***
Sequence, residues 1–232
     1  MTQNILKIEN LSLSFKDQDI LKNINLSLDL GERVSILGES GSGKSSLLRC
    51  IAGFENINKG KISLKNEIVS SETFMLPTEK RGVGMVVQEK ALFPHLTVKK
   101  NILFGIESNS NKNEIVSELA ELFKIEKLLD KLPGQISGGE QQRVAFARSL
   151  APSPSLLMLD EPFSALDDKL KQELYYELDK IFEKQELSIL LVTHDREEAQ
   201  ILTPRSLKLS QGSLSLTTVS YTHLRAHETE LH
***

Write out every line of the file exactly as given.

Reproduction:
Sequence, residues 1–232
     1  MTQNILKIEN LSLSFKDQDI LKNINLSLDL GERVSILGES GSGKSSLLRC
    51  IAGFENINKG KISLKNEIVS SETFMLPTEK RGVGMVVQEK ALFPHLTVKK
   101  NILFGIESNS NKNEIVSELA ELFKIEKLLD KLPGQISGGE QQRVAFARSL
   151  APSPSLLMLD EPFSALDDKL KQELYYELDK IFEKQELSIL LVTHDREEAQ
   201  ILTPRSLKLS QGSLSLTTVS YTHLRAHETE LH